• Welcome to the Chronicle Forums.
    Please complete your profile. The forums and the rest of www.chronofhorse.com has single sign-in, so your log in information for one will automatically work for the other. Disclaimer: The opinions expressed here are the views of the individual and do not necessarily reflect the views and opinions of The Chronicle of the Horse.

Announcement

Collapse

Forum rules and no-advertising policy

As a participant on this forum, it is your responsibility to know and follow our rules. Please read this message in its entirety.

Board Rules

1. You’re responsible for what you say.
As outlined in Section 230 of the Communications Decency Act, The Chronicle of the Horse and its affiliates, as well Jelsoft Enterprises Ltd., the developers of vBulletin, are not legally responsible for statements made in the forums.

This is a public forum viewed by a wide spectrum of people, so please be mindful of what you say and who might be reading it—details of personal disputes are likely better handled privately. While posters are legally responsible for their statements, the moderators may in their discretion remove or edit posts that violate these rules. Users have the ability to modify or delete their own messages after posting, but administrators generally will not delete posts, threads or accounts upon request.

Outright inflammatory, vulgar, harassing, malicious or otherwise inappropriate statements and criminal charges unsubstantiated by a reputable news source or legal documentation will not be tolerated and will be dealt with at the discretion of the moderators.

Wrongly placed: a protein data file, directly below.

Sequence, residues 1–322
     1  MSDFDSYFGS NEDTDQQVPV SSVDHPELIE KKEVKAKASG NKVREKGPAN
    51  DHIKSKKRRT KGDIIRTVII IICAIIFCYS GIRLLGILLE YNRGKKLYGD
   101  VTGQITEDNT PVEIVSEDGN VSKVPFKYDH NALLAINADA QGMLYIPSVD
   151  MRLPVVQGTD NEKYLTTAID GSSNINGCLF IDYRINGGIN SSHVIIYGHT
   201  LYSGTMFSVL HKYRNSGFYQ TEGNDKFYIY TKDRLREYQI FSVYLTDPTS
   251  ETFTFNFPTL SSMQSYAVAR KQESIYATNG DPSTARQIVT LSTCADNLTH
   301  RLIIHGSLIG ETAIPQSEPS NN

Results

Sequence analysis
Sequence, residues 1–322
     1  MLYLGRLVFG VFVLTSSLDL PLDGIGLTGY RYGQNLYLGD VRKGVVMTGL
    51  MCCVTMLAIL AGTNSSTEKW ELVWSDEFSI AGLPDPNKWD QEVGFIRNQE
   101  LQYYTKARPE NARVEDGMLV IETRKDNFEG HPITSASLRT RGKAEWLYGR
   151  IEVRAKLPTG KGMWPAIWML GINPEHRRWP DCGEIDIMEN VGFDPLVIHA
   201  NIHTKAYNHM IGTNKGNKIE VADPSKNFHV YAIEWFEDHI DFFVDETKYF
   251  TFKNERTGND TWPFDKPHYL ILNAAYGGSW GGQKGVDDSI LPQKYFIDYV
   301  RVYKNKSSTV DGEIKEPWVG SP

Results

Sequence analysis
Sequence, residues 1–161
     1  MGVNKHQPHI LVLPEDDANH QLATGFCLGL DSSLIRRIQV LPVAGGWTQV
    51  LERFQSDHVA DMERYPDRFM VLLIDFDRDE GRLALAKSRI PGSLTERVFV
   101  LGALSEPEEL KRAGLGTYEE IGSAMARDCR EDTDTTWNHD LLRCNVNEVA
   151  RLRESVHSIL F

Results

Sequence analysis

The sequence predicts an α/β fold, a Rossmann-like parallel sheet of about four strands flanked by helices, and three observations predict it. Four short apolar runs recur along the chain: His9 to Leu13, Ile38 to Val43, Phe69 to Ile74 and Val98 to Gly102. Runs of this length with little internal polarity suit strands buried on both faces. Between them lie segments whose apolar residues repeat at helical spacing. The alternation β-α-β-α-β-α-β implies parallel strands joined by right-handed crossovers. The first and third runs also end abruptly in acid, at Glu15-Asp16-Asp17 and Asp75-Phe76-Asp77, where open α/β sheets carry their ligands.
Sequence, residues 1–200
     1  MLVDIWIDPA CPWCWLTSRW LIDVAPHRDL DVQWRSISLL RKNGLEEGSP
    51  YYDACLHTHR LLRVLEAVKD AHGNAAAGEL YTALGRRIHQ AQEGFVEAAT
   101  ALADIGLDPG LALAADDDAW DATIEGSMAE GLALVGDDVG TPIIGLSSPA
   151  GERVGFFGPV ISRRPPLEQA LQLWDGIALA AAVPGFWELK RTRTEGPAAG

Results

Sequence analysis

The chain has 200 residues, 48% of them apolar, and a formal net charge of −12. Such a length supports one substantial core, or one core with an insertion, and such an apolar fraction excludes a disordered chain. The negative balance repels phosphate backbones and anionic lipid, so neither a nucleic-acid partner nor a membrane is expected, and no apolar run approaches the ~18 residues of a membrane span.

2. Conversations in horse-related forums should be horse-related.
The forums are a wonderful source of information and support for members of the horse community. While it’s understandably tempting to share information or search for input on other topics upon which members might have a similar level of knowledge, members must maintain the focus on horses.

3. Keep conversations productive, on topic and civil.
Discussion and disagreement are inevitable and encouraged; personal insults, diatribes and sniping comments are unproductive and unacceptable. Whether a subject is light-hearted or serious, keep posts focused on the current topic and of general interest to other participants of that thread. Utilize the private message feature or personal email where appropriate to address side topics or personal issues not related to the topic at large.

4. No advertising in the discussion forums.
Posts in the discussion forums directly or indirectly advertising horses, jobs, items or services for sale or wanted will be removed at the discretion of the moderators. Use of the private messaging feature or email addresses obtained through users’ profiles for unsolicited advertising is not permitted.

Company representatives may participate in discussions and answer questions about their products or services, or suggest their products on recent threads if they fulfill the criteria of a query. False "testimonials" provided by company affiliates posing as general consumers are not appropriate, and self-promotion of sales, ad campaigns, etc. through the discussion forums is not allowed.

Paid advertising is available on our classifieds site and through the purchase of banner ads. The tightly monitored Giveaways forum permits free listings of genuinely free horses and items available or wanted (on a limited basis). Items offered for trade are not allowed.

Advertising Policy Specifics
When in doubt of whether something you want to post constitutes advertising, please contact a moderator privately in advance for further clarification. Refer to the following points for general guidelines: